The Peoples and Nations of Scalgard

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Ceumri rests on the Inland Sea and reaps the green reward of moist winds carrying soft rain. A wide river valley cradled between low hills, the land gives its people a variety they use to the fullest. They mine iron from the hills, and quarry stone; they sift gold from rich deposits in the rivers, where they also fish for salmon; they grow wheat in the soft ground and potatoes in the hard, and hunt game in the forests. Where other nations trade and war for what they need, Ceumri has the luxury of choosing allies based on love and enemies based on hate.

Unfortunately, the people of Ceumri have much to hate. The forests to their north are a surer home for the Fir Bolg than any other, and invasions of the wolf-men mirror those of giants marching down from the coastal mountains. Meanwhile, the Tuatha Sidhe have an easier crossing from their realm into Ceumri than in any other land in Scalgard. Orcish raiders have a hard time navigating Ceumri's southern straight, but the lure of gold drives them ever on. And across that straight lies Annwyns' Realm; Brother Worm is not an aggressive neighbor, but who can rely on the will of gods?

These many threats have kept the Ceumri close to home, in small stone-walled cantrevs, a few days' dangerous ride from each other. Keeping them all one people, though, are their Three Crowns - a college of Bards, Druids and Heroes, wandering the land and each standing for one of the three types of people: the skilled, craftsmen and farmers; the wise, herbalists and doctors; and the strong, miners and warriors. The Crowns travel abroad and bring news, judgment and justice to each castle in turn in exchange for hospitality, and their travels unite their people. Feted as kings, they are guardians of tradition, an old ritual protection for a land that lives with dangerous magic so near around.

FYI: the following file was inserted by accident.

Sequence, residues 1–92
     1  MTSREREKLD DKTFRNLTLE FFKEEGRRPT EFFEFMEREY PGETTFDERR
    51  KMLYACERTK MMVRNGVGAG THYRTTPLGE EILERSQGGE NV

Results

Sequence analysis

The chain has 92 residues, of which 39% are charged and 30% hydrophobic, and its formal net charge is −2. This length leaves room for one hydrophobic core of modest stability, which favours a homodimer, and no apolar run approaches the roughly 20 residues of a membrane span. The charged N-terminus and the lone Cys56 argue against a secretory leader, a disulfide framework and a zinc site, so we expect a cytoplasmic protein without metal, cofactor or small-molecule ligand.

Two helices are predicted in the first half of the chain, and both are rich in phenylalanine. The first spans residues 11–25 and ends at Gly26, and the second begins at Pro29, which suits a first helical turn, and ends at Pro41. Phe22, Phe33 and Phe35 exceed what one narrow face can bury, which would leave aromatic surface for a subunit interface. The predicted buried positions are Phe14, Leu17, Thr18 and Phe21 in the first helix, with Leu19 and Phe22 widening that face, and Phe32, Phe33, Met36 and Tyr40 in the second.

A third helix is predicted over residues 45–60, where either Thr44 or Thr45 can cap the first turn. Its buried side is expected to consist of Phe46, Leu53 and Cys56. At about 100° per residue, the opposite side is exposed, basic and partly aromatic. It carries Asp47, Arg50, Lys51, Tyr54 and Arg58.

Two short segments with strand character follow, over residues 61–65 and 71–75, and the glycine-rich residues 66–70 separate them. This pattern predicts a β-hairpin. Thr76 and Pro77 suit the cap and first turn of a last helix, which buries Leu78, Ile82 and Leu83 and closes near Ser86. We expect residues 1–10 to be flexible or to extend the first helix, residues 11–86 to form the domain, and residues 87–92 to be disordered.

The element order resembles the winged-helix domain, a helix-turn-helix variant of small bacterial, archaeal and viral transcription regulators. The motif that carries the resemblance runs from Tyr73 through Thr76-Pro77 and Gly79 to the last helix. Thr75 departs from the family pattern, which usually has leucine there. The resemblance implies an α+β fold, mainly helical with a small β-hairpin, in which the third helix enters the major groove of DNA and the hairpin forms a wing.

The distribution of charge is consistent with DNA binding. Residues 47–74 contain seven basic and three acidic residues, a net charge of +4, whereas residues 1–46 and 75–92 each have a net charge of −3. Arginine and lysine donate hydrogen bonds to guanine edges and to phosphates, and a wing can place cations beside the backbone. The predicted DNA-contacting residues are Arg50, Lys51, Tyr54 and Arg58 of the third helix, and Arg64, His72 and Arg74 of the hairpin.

A character knows the following with a successful skill check:

  • History DC 20 - Hope in Hidden Springs - At a small lake nestled in the hills in the Ceumric north an Aelfin warlord, Uldane the Rivers' Son, calls heroes to his hold. He welcomes all to his table, but takes care to send emissaries of his own to his fellow cantrev lords, outside the bond of the Three Crowns, who he seems to tolerate only barely. Uldane has fast become a force to be reckoned with, while cantrev lords and nearby Fenian clans wait in wonder and hope that the reckoning he plans is not with them.
  • Arcana DC 25 - A Fair, Inconstant Castle - When the morning mists have lately parted on Ceumri's southwest shore, shepherds have seen a new castle in the distance, battlements gleaming. Though the castle's gone by mid-day, those same shepherds report the beating of hooves far behind as they turn east and bring their flocks home with the twilight. The castle is almost certainly a Sidhe thing, and the local lords seem content to wait for one of the Crowns to wander by to deal with it. But while the Strange Lord who rules the new keep has sent no messenger so far, he, or she, or it may grow tired of waiting.